Such a lovely book from a criminally underrated YA author.
Fly By Night is the story of Mosca Mye, a twelve-year-old girl who burns down her uncle and aunt's mill and runs away with the scoundrel Eponymous Clent and her goose Saracen to the bustling and vibrant city of Mandelion, where print is dangerous and where the guilds squabble for supremacy. There's a plot in motion in Mandelion which threatens to topple the city and the realm into open war, and Mosca and Eponymous soon find themselves at the heart of it.
Why do I love this book? Let me count the ways:
1. Hardinge's way with words. Fly By Night is a book about words, about the power that words have to change the world, and Hardinge clearly loves words, and the way she uses them, with wit and precision and just right-ness, is startling without ever getting in the way of telling a good story. She makes Mandelion come alive, its sounds and its smells and its sheer mind-boggling detail.
Mosca wet her lips, took a breath and began to speak. She pulled out rags of wedding words she had heard by listening through the thin marriage-house walls. She patched them with pompous-sounding phrases from her father's books. She stitched the whole together with the scarlet thread of her own imagination.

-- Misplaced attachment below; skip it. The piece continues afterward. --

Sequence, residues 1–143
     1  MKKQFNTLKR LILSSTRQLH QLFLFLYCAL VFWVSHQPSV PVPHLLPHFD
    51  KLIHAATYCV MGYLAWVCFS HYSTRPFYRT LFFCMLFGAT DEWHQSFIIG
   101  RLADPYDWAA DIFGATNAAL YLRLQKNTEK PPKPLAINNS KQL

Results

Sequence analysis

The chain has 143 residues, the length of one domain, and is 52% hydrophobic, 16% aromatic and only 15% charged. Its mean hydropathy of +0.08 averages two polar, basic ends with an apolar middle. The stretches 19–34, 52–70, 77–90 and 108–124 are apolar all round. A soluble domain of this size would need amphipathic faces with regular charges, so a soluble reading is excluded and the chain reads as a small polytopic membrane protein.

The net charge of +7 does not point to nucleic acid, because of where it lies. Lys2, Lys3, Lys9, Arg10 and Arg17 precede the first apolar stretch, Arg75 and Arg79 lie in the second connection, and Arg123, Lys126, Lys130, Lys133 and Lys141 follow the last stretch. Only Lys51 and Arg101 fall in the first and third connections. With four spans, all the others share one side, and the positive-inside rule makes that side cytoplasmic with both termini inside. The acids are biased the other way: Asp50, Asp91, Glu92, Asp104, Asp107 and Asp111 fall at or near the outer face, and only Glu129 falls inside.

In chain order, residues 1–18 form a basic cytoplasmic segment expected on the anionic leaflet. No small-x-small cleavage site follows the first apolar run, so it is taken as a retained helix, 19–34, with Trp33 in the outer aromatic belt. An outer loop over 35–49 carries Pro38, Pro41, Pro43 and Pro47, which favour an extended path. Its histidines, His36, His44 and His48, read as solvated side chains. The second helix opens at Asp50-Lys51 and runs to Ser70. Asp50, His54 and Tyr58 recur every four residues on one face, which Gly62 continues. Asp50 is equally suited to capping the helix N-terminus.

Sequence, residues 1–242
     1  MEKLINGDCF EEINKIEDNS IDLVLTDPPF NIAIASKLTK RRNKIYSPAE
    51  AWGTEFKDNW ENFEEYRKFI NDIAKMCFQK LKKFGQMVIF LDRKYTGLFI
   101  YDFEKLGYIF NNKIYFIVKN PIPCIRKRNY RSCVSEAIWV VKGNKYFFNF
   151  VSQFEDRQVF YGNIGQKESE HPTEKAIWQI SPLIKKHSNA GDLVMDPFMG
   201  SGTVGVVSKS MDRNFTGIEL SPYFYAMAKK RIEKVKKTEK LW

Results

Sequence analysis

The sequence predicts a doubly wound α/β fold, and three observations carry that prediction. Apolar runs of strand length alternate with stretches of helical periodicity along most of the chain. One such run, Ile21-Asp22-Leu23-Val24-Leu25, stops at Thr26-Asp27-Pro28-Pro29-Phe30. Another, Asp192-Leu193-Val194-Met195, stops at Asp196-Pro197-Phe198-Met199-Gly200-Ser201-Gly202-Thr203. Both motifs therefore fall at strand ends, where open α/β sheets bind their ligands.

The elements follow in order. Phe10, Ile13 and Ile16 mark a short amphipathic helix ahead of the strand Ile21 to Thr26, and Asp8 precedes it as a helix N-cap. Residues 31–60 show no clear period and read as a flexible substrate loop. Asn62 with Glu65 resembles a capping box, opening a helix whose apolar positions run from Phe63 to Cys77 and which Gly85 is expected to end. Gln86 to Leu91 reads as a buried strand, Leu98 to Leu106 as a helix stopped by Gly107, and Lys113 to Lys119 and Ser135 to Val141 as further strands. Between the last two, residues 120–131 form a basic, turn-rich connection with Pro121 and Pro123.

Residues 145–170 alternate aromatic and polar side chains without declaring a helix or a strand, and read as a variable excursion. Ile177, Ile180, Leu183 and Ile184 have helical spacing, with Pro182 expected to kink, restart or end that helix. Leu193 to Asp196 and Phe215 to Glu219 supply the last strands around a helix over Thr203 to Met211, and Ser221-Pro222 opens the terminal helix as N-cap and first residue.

2. Mosca Mye. Mosca Mye is not your average YA heroine. Born under the inauspicious sign of Palpitattle, He Who Keeps Flies out of Jams and Butter Churns, she is an arsonist, a liar and a thief. She is not pretty, and she is not well-spoken. Think of Lyra Belacqua from Philip Pullman's His Dark Materials, and you've got someone very like Mosca. In a society very loosely based on England at the start of the eighteenth century, which is to say, a sexist society, she chooses to do things which women don't traditionally do: read and write, wear breeches, avoid romantic subplots. She is not a good girl, and she is real and sharp-witted and wonderful.
3. Steampunk. That is all.
4. Under the twisty, fast-paced yarn Hardinge tells us, Fly By Night is also packed with a wealth of thought about writing, religion, politics and power, to name just a few. It's intelligent without being didactic and thoughtful without being boring, which is a rare enough trick to make it worthwhile mentioning.
5. Oh, just read it.